Gore and the practical effects side of things is handled quite well, with some great imagery (the bloody ear on the wall, dead insects splattered on another). This imagery and the sounds are particular strong points in The Fear, with some solid visual effects, especially those on things such as the title splash at the start, and a generic but still fitting soundtrack behind the horror. There’s also general sounds around the mansion that give off a creepy vibe as they always seem to be coming from somewhere around you. The DVD quality of the FMV is also very welcome, as the visuals look great for the time and it allows for much more detail in the practical effects to shine through.

That being said, the special effects often look very dated and a bit too ‘off’ to be all that scary. Due to this, the fight sections late into the game look… well, awful, but it’s still enough fun, and looking back, campy enough to have a good time with. And whilst the visual quality is surprisingly good for the medium, the lighting is occasionally very dark (seemingly a stylistic choice), and though this adds to the atmosphere at times there are others where it needlessly obscures things. There’s also the small issue of the cameraman always looking through his viewfinder whether talking one on one with one of the girls or dealing with a demonic entity, and the others always looking straight into the lens as if it’s your face, but that’s all easy to overlook.

Despite a few moments of weakness, the acting is actually fairly solid throughout, nothing outstanding but still solid. Of course there are awkward moments where talking to someone brings them from standing still to moving into an action in a bit of a goofy looking way, but that sort of thing is common in FMV games. Matsumura is a consistent source of comedic relief early on, through his initial laid-back attitude when it comes to anything going wrong to his quick turn into self preservation, and each of the girls have their own personality that shines through when the troubles start. There are a few of them that don’t stand out much, and who seem to fill the same meek and scared boxes. But then there are those like Eri whose loud and fairly childish personality leads her to be a main voice between whining and being scared. The variety is nice to see, and your responses to certain characters can fill in the cameraman’s personality as well.

While most of the game is spent in first person, there are a few cuts here and there to a third person shot showing your character, the cameraman. It helps give a bit more context to your own character, and never feels too obtrusive to the almost ‘found footage’ style of the experience. There’s a clever filming tactic used whenever the cameraman is in a shot however, with the camera covering his face, effectively making him a camera on a body. This helps somewhat with immersion, being able to project yourself onto the protagonist. Cinematography is focused on in The Fear, making it feel more like a film experience during the somewhat well shot cutscenes. Even when talking with the various characters around the mansion the camera angles and the zoom changes. The camera always takes the place of your character but there’s a nice amount of movement as opposed to the static camera normally used for these sorts of things.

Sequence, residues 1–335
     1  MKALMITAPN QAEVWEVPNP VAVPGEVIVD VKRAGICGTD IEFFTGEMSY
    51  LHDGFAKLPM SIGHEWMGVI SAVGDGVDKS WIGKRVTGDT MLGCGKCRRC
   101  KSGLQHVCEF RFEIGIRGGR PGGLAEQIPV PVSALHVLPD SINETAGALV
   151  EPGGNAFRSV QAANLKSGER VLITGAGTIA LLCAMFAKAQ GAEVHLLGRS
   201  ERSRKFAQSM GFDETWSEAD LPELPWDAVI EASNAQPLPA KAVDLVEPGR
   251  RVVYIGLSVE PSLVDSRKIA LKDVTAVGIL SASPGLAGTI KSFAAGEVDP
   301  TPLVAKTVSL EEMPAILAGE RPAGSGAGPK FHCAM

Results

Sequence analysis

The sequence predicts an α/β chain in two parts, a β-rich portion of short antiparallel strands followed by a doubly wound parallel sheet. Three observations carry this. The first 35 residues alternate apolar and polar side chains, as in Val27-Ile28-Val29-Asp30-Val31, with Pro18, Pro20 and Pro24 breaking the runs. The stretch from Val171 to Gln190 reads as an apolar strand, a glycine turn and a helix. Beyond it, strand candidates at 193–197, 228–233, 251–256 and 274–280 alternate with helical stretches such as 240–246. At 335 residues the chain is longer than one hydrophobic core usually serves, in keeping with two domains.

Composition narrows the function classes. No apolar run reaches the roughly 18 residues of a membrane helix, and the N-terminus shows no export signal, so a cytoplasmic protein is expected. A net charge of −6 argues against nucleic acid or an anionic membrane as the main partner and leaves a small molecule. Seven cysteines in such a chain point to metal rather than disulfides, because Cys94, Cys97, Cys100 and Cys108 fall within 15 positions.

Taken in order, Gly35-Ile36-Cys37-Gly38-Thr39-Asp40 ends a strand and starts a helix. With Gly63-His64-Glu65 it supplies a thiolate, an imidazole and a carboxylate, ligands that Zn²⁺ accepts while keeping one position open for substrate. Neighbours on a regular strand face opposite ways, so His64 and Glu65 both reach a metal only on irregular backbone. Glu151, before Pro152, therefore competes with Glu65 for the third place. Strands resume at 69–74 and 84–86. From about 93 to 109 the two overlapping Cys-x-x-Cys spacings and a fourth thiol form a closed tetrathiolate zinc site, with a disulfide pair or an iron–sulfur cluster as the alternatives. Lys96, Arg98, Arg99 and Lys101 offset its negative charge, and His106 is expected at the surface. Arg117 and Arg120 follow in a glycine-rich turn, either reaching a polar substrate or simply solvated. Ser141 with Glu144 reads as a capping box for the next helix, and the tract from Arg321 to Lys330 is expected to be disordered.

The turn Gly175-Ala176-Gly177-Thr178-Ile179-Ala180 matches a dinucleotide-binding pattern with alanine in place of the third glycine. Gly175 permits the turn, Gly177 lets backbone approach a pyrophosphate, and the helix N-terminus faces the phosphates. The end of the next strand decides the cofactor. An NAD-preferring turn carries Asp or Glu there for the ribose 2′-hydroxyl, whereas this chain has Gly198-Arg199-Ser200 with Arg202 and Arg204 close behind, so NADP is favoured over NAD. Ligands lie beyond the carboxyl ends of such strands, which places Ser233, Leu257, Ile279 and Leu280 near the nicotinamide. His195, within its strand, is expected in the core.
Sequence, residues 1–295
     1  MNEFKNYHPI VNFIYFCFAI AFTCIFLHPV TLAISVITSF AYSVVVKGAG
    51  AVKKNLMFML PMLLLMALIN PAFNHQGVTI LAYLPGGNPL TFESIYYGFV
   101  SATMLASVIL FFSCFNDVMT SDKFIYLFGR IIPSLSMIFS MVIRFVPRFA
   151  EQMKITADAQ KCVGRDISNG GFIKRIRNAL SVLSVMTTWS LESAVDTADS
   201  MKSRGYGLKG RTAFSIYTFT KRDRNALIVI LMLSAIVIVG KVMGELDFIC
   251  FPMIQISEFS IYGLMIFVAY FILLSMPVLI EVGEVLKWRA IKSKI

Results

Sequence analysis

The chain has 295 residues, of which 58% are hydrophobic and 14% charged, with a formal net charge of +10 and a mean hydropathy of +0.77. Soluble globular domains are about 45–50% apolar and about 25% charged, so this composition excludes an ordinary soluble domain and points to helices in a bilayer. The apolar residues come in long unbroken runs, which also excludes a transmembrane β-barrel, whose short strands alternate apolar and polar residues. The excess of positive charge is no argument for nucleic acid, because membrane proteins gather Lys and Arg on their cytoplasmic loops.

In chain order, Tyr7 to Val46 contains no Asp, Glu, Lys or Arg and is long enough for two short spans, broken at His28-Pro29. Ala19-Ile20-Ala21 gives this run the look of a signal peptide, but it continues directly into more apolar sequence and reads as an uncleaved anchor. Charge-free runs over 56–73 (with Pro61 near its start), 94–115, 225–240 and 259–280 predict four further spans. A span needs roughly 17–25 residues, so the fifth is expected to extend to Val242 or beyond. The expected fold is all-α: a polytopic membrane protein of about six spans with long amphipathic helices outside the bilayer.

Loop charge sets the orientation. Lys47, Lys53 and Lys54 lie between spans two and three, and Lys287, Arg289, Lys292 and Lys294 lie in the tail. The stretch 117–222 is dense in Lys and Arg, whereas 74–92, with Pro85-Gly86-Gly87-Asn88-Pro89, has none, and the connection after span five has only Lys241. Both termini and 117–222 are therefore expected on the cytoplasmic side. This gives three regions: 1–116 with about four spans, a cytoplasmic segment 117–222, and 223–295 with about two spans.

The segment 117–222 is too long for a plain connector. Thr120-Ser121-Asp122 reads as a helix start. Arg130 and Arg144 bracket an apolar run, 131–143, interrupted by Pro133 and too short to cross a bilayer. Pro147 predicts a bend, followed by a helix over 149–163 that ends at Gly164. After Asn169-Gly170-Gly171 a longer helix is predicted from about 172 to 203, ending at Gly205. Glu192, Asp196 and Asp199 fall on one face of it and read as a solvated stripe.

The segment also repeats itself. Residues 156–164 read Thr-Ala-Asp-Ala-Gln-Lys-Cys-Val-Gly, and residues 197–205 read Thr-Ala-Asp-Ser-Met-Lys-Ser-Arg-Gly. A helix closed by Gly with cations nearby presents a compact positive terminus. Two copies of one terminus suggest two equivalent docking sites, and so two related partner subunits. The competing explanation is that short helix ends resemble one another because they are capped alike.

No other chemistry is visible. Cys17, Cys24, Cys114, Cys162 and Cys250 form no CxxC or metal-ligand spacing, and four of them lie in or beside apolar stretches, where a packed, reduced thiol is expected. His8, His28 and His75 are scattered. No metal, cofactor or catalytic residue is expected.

The feel of the narrative calls forward to idol based horror films. From AKB48’s Densen Uta (2007) in how the idols interact and react to the strange goings on, to much more closely Momoiro Clover Z’s Shirome (2010). Shirome (White Eyes) follows a similar setup to The Fear, in that a group of idols (though they never seem to be referred to as such in The Fear, they most certainly fit the bill) are brought by their manager to a purportedly haunted location in order to film them. They also both come as ‘found footage’ style media. Shirome has the focus of having the idols appear on a television show based around celebrities entering and exploring haunted areas, whereas The Fear has the goal of simply filming the girls being scared within the location.

There’s a total of 6 endings, ranging from good to bad, depending on which routes you took and how you interacted with the other characters. The different answers and exploration of the house is interesting enough to warrant a few runs through, and the atmosphere of the mansion is quite alluring. This is the sort of game that nowadays would fit so well into VR, even if it was still just as railed in to 4 directions of movement, the addition of being able to actively look about in 360 degrees would be phenomenal. It’s a fairly cliche haunted house story, but the effective imagery and the unique format lend something incredibly significant to it. The Fear has those elements of camp that most FMV games do, especially later on, but ends up finding a place serious enough to leave an impact. While it’s now a decade and a half old, a newer VR horror experience could learn a thing or two from this game. Even if the product wasn’t a game but simply a film experience you could walk through, things from the general sense of movement to the great imagery and use of the first person camera could be translated to the modern day easily enough.

In the world of old school FMV titles, The Fear could be one of the best, with its J-horror elements, themes ranging from demonic possession to astral projection, and the very well done and atmospheric mansion area the story takes place inside. Out of Enix’s selection of FMV games from the late 90’s/early 00’s, The Fear would definitely take the crown, in spite of being slightly less well received by critics than the 2000 title Love Story. These games never made it over to the West for a release, not really appealing to the international market at the time, but delving back into the world of FMV games in Japan is quite an interesting experience. The Fear is a fascinating piece of media, in both its format and quality, and also just a fun time overall.

Shane Dover is a Melbourne, Australia based freelance writer contributing to Japanese punk news site Punx Save The Earth, punk publication Dying Scene, Diabolique Magazine and Goomba Stomp. Not just a fan of punk music, he's spent most of his life obsessed with the horror genre across all media, Japanese cinema, as well as pop culture in general. He plays music and writes fiction, check out his Twitter ( for updates on those projects.